Friday, July 2, 2010

Michael Klein's Painting Workshop Day 2

On the 2nd day of Michael Klein's workshop, we watched him demo for about 2 hours and then either started on a new still life, or worked on an individual flower.  I chose to work on the yellow rose on the left.  During the lunch break, the still life fell over, so I restarted and worked on the rose on the right.  It ended up being a lucky fall, as I learned from restarting.  Michael completes an entire flower, then moves on to another entire flower, throughout the still life.  That way, he doesn't have to worry about a flower wilting.  I usually paint all my darks throughout the whole canvas, then go to lights, always working through the whole canvas.  I do have to worry about flowers wilting, they don't last, so I find myself painting quickly.  Michael paints slowly.   Like Richard Schmid, he doesn't repaint an area, or make lots of color passes. He studies the color, and puts it down once.  This really got me I wasting time, paint, energy.

Several of you asked to see my sister's painting; this is her piece from Day 1.  My sister, Natalie Italiano, is an instructor at Studio Incamminati in Philadelpia.

 This is a very small corner of the cast studio at Grand Central Academy.   They have an amazing collection of casts which are used by the full time students.

After class we went to Vasari Classic Oil Color store and distribution center.  Here's Gale showing us how some of their classic paints can be mixed.  It was so great to see this.  I treated myself to some Sap Green, as green was their featured color on sale this month.


Debbi Smith Rourke said...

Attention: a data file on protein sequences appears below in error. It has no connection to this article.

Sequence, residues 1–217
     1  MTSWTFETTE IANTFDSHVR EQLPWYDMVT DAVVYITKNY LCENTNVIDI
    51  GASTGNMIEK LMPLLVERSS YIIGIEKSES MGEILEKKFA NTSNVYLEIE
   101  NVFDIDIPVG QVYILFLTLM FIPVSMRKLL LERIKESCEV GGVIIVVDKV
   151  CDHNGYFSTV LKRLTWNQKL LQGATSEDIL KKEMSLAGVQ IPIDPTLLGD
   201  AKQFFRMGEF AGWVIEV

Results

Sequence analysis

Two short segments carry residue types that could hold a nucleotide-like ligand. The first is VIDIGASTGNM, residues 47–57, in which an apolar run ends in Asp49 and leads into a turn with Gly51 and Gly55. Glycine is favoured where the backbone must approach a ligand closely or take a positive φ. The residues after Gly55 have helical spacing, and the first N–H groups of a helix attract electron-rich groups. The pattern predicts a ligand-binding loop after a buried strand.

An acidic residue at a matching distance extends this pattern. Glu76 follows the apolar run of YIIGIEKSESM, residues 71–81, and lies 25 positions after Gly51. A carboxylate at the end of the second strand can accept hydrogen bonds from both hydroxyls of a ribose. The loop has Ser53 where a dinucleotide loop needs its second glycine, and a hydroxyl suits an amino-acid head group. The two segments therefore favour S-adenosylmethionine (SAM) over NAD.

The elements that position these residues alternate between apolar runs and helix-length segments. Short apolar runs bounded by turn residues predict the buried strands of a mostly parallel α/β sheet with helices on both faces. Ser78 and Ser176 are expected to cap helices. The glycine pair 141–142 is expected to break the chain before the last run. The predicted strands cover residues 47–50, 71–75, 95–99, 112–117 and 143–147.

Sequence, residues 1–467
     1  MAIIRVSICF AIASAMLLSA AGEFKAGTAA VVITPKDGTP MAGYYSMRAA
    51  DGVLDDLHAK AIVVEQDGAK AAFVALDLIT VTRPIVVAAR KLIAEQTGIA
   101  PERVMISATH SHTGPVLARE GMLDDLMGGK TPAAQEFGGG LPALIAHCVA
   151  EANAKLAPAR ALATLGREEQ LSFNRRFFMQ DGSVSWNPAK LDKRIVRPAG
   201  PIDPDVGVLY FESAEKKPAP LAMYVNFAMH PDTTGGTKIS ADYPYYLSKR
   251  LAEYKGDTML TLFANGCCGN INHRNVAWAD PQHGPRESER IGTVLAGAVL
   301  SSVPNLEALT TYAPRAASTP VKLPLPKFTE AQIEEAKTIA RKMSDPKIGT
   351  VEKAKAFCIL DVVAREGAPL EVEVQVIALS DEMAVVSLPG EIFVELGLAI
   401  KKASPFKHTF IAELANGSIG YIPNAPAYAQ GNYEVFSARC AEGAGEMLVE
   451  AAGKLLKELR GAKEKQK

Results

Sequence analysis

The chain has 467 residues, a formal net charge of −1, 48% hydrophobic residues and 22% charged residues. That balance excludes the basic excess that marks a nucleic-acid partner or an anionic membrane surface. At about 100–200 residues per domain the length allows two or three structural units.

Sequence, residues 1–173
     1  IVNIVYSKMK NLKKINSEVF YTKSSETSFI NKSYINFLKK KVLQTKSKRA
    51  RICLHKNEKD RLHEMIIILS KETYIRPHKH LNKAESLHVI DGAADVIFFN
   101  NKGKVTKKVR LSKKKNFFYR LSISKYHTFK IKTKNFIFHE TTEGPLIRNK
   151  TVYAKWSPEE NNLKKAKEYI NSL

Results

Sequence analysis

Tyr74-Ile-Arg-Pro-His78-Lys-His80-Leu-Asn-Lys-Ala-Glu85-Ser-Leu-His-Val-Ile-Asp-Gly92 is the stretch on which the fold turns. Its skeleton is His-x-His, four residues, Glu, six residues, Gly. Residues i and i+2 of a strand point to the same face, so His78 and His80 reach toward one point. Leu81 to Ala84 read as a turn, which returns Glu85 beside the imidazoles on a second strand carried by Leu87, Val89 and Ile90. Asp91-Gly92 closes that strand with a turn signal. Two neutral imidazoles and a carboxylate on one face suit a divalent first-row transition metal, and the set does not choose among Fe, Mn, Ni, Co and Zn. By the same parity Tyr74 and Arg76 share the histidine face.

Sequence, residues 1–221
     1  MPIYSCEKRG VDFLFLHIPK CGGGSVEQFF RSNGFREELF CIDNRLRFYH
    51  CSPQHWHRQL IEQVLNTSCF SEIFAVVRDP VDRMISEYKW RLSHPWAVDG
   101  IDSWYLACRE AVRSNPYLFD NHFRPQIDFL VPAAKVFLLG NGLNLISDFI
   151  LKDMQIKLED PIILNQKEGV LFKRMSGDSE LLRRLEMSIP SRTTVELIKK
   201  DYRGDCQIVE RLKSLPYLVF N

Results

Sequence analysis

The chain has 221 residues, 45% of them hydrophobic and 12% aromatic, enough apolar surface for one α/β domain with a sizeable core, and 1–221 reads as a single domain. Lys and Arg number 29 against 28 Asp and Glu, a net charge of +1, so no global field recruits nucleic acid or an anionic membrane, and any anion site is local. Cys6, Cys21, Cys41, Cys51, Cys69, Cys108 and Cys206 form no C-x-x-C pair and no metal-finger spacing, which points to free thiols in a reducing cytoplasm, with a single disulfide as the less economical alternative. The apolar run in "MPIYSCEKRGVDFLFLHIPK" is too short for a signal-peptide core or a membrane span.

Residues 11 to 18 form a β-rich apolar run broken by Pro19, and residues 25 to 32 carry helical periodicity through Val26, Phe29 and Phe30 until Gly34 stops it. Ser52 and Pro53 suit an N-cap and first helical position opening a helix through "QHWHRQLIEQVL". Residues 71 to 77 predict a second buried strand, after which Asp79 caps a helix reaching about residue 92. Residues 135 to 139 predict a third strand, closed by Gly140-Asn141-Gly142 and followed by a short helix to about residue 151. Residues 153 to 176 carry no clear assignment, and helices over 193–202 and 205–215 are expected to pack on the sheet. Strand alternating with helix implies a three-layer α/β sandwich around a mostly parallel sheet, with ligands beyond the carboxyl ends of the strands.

Love each of the yellow roses!! And your sister's painting is lovely too. Very interesting about doing one flower at a time. And not going back. I am just starting, on a small scale, to do that but like you I like to see how the entire color and value scheme will work before I commit to finishing one intricate detail. Lovely. Know you had an amazing time.

Linda Popple said...

Wow! Both paintings are great! Looks like you and Natalie are learning a lot and having a great time doing it.

How fun to go to the Vasari store! What a treat!

Linda Popple said...

I just saw Natalie's web site and her work is great! I'm very impressed. Two very talented people in the same family!!

Nancy B. Hartley said...

Love the dark ground, with the yellow roses, so dramatic! It sounds like you learned so much!
What a great experience!

AutumnLeaves said...

Nicely done, Pam! I also adore your sister's work (wish she had a blog). Please tell your sister that one of your readers has a Spinone Italiano named Ettore Giovanni, or Gio for short. He's my buddy!

Cathyann said...

This is very interesting,Pam. Thanks for sharing your work and Natalie's. The colors appear more limited than Shanks' technique, it appears. Looks like you are learning so much from this already. When is his next class? I might take a trip up. Cant wait to hear more about it.
See ya in Sept,

Celeste Bergin said...

wow--your flowers are looking exceptional. Thanks for the description of the workshop--I like all that you wrote about, starting over and Schmids putting down once and leaving alone. This is what I struggle with-I want to be certain of those values and colors and not "grope" It is fun to see a photo of you too!

Sandra Galda said...

great post pictures here Pam! We use casts to draw from at our studio, those are really nice ones you have shown. Cool that your sister teaches at a studio!